Some of the many reasons children give for not telling include:
- Shame or embarrassment
- Self blame – they feel responsible
- Prior victimization
- Fear of loss, punishment or other consequences
- Fear no one will believe them
- Attachment and loyalty to the offender
- Cultural rules about privacy
- Instruction to secrecy
- Domestic violence
- May believe s/he is protecting siblings from abuse
- Doesn’t want to break up the family
Children often feel a sense of guilt over the abuse, and they may also experience self-destructive thoughts or a loss of trust or self-esteem. Some of these signs may not even be obvious until the child becomes an adult. At first, they may deny that anything has happened when asked, or they will not tell the whole story the first time. Disclosure is a process, not an event!
REMEMBER: Child sexual abuse can happen to any child in any community. If the parent’s reaction to the child is disbelief, the child may wonder if their feelings are mistaken. Children do not want to cause problems for their parents and will not tell about abuse thinking they are “protecting” their mom and dad. Also, they fear that telling will make people angry at them.
IT IS EXTREMELY DIFFICULT FOR CHILDREN TO REPORT ABUSE!
Helpful things you can say to your child that will support them are:
- I believe you.
- I know it’s not your fault.
- I’m sorry this happened to you.
- I don’t know what will happen now.
- You don’t need to take care of me.
- I am upset, but not with you.
- I am angry at the person who did this to you.
- You can still love someone but hate what they did to you.
- I love you.
- Reassure your child that this is not their fault and you are glad they told you.
- Listen to your child if they want to talk, but be careful not to question your child about the abuse.
- Protect your child immediately from the person suspected of the abuse. This is to protect you, that person, and the child.
- Help your child work with the professionals who will handle the case.
- Keep your routine normal while providing safety, love, and support to your child.
- Seek counseling for your child as soon as possible. The Four Corners Child Advocacy Center will provide a list of mental health providers in your area and can assist you with any help you may need to receive therapy.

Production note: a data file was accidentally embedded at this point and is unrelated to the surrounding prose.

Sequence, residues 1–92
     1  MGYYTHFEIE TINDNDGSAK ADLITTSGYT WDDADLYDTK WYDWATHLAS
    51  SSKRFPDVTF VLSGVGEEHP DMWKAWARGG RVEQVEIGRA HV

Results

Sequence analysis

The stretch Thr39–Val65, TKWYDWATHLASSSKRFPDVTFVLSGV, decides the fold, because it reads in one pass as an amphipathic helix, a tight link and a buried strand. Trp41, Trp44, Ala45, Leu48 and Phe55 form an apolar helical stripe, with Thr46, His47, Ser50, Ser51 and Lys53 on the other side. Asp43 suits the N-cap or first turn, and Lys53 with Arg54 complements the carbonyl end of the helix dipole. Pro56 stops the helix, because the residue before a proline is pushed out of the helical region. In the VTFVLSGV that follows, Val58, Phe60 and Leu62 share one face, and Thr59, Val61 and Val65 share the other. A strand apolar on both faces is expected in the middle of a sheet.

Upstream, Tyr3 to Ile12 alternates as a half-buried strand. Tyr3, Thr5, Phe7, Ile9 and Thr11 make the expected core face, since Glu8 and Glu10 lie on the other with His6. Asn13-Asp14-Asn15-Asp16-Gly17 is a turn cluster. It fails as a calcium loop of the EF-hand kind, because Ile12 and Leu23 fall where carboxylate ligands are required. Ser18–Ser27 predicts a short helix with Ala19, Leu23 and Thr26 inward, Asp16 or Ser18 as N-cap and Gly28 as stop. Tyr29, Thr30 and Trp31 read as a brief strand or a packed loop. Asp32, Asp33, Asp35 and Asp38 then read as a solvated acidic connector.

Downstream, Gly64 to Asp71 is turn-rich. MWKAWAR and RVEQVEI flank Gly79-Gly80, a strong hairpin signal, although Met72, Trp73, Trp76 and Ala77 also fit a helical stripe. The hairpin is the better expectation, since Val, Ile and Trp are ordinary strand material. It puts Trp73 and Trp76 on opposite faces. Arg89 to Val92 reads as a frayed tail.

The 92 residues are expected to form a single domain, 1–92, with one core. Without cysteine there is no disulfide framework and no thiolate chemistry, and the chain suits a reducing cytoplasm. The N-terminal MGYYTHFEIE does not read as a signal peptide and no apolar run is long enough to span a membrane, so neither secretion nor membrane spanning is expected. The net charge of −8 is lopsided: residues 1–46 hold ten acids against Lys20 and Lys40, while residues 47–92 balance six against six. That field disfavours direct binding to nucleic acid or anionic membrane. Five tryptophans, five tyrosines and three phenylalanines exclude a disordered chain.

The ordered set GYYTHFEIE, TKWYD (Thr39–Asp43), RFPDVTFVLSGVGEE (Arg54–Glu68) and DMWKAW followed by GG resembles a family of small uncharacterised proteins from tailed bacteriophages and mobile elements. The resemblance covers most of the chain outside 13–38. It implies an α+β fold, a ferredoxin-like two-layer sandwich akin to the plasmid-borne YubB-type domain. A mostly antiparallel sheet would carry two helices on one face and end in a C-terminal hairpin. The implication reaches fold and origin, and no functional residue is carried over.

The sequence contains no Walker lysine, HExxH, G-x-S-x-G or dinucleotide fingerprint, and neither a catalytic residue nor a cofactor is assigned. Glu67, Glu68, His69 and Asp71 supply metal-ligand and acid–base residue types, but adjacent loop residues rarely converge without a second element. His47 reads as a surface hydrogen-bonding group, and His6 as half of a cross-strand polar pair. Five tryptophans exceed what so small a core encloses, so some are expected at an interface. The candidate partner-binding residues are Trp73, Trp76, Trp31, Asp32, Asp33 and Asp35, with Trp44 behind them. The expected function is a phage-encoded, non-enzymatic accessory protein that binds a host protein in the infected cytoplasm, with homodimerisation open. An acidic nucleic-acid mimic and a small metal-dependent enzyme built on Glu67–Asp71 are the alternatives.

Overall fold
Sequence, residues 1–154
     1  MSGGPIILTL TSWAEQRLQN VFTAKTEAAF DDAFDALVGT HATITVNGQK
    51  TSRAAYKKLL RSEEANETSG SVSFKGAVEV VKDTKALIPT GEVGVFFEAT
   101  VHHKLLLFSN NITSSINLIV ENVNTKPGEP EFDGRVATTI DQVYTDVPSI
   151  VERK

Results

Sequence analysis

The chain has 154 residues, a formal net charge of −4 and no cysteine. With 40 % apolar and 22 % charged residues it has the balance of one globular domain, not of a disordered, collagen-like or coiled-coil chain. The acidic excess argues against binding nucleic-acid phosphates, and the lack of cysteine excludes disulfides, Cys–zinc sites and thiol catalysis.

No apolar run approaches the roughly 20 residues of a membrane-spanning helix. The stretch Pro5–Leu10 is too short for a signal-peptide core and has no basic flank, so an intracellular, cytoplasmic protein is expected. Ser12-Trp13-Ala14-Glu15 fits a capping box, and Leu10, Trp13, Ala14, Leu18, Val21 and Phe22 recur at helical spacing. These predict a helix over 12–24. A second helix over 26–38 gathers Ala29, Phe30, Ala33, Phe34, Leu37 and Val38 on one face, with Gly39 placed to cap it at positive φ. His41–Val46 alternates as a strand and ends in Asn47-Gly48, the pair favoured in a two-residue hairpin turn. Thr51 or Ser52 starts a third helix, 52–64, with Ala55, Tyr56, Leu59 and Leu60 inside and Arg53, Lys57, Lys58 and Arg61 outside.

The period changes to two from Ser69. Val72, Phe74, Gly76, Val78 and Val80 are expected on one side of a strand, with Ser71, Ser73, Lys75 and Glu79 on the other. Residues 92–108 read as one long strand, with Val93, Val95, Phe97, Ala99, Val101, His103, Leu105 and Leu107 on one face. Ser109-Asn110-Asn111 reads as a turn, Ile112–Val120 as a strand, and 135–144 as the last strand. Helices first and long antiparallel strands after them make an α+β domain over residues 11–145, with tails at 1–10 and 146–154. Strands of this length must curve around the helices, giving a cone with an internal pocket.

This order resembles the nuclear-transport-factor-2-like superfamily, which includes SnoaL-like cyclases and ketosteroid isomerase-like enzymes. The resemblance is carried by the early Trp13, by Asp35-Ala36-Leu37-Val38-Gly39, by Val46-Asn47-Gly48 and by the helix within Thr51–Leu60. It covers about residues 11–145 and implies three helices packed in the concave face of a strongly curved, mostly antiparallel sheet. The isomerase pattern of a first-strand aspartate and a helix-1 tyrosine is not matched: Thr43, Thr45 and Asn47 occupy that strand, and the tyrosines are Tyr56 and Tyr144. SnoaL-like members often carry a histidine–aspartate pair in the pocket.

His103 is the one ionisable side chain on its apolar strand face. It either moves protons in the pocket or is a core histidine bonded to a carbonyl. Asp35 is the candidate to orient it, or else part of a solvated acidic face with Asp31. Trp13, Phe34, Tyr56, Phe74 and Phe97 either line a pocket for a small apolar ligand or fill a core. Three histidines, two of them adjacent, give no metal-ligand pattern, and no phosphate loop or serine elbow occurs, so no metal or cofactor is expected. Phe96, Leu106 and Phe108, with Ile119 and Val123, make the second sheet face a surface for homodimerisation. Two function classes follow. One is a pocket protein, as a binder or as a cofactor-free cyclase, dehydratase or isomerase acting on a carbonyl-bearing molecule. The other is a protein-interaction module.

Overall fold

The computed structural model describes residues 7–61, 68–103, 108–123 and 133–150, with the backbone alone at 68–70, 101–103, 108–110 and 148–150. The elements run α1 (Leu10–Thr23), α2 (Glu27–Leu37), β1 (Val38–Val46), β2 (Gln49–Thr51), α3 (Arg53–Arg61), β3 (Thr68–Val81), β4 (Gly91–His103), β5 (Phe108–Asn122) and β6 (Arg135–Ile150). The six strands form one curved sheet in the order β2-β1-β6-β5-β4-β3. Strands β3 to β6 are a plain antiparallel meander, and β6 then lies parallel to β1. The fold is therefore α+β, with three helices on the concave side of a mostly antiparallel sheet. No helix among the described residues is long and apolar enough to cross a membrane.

- Take care of yourself. You are not in this alone and The Four Corners Child Advocacy Center can help you find resources to meet your needs.
- Remember to give attention to your other children.
- The single most important factor affecting your child’s recovery is the level of support from the parents or care givers.
It is this simple: If you do everything you can to support your child, the chances of recovery are much greater!
Reporting child abuse and neglect is EVERYONE’S responsibility!
A referral to The Four Corners Child Advocacy Center for a forensic interview or medical exam can only be made by Children’s Division or law enforcement.
If you have a concern for a child’s safety, please call the Child Abuse/Neglect Hot line at 800-422-4453 or 9-1-1.
Children’s Division is staffed 24 hours a day, 7 days a week, 365 days a year. State law requires DSS to respond to the information you provide in a timely manner.
NATIONWIDE USA – 1-800-4ACHILD (800-422-4453)
National Child Abuse Hotline Provides multilingual crisis intervention and professional counseling on child abuse. Gives referrals to local social service groups offering counseling on child abuse. Has literature on child abuse in English and Spanish. Operates 24 hours. TDD users call 1-800-2A-CHILD (800-222-4453)
If you would like some information regarding child sexual and physical abuse, please contact The Four Corners Child Advocacy Center. For children who are interviewed here, we provide a variety of resources available in your community, including mental health and medical providers
If you are a mandated reporter (teacher, medical provider, counselor, etc.), and a child has disclosed information to you about possible abuse, please contact the Hotline listed above immediately.